Secondary Data

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Tips for Collecting, Reviewing, and Analyzing Secondary Data


Secondary data analysis can be literally defined as second-hand analysis. It is the analysis of data or information that was either gathered by someone else (e.g., researchers, institutions, other NGOs, etc.) or for some other purpose than the one currently being considered, or often a combination of the two (Cnossen 1997).

If secondary research and data analysis is undertaken with care and diligence, it can provide a cost-effective way of gaining a broader understanding of specific phenomena and/or conducting preliminary needs assessments.

Secondary data are also helpful in designing subsequent primary research and, as well, can provide a baseline with which to compare your primary data collection results. Therefore, it is always wise to begin any research activity with a review of the secondary data (Novak 1996).


Secondary data analysis and review involves collecting and analyzing a vast array of information. To help you stay focused, your first step should be to develop a statement of purpose – a detailed definition of the purpose of your research – and a research design.

Statement of Purpose: Having a well-defined purpose – a clear understanding of why you are collecting the data and of what kind of data you want to collect, analyze, and better understand – will help you remain focused and prevent you from becoming overwhelmed with the volume of data.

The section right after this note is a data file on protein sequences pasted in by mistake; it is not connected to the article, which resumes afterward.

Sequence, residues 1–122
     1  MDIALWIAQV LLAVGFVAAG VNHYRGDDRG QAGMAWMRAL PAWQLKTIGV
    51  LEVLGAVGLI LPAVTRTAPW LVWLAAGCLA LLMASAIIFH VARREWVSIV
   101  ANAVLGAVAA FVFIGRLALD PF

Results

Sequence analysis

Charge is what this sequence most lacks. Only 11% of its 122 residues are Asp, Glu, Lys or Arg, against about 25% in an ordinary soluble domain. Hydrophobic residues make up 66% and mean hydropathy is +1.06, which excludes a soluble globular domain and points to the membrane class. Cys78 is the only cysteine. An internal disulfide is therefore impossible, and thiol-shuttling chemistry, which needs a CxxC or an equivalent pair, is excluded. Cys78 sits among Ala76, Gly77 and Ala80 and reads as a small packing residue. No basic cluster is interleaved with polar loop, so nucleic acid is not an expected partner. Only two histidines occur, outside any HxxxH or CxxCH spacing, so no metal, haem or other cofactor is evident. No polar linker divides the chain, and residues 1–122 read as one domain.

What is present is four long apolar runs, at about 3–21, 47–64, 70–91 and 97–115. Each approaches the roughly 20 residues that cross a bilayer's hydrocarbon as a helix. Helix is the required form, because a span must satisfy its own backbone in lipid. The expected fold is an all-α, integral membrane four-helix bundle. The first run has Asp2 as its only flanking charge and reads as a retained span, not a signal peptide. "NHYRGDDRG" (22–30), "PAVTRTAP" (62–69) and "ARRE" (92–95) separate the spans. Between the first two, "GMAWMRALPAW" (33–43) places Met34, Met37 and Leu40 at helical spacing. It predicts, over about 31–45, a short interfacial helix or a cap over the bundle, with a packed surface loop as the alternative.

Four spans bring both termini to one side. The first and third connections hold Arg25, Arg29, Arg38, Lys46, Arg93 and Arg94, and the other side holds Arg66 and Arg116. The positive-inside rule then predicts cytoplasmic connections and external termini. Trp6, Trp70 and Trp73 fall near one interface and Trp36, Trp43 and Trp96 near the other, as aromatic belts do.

Research Design: A research design is a step-by-step plan that guides data collection and analysis. In the case of secondary data reviews it might simply be an outline of what you want

the final report to look like, a list of the types of data that you need to collect, and a preliminary list of data sources.


The specific types of information and/or data needed to conduct a secondary analysis will depend, obviously, on the focus of your study. For CARE purposes, secondary data analysis is usually conducted to gain a more in-depth understanding of the food and livelihood security status of people living in various countries and/or regions where CARE works. This type of socioeconomic characterization is commonly referred to as a country or poverty profile. It involves collecting information, statistics, and other relevant data at various levels of aggregation in order to conduct a situational analysis of the area (see Data & Indicator List in Appendix 1; refer to the LRSP Guidelines, Annex 5, July 1997). The types of secondary data and information to be collected and summarized should include data related to the following areas:

Demographic (population, population growth rate, rural/urban, ethnic groups, migration trends, etc.), Agroecological climatic zones,
Poverty levels (poverty and absolute),
Employment and wages (formal and informal),
Livelihood systems (rural, urban, on-farm, off-farm, informal, etc), Agricultural variables and practices (rainfall, crops, soil types, and uses, irrigation, etc.), Health (malnutrition, infant mortality, immunization rate, fertility rate, contraceptive prevalence rate, etc.), Health services (#/level, services by level, facility-to-population ratio. etc.), Education (adult literacy rate, school enrollment, drop-out rates, male-to-female ratio, etc), Schools (#/level, school-to-population ratio, etc.),

Infrastructure (roads, electricity, communication, water, sanitation, etc.), Environmental status and problems, and
Local political environment and access.

Special attention should be given to collecting disaggregated data. That is, data that is broken down in the following ways: gender, age, ethnicity, location, etc..

Even when highly disaggregated; however, these “raw” data points alone are often only static or indirect measures of the situation or problems that exist in countries and regions – partial or...
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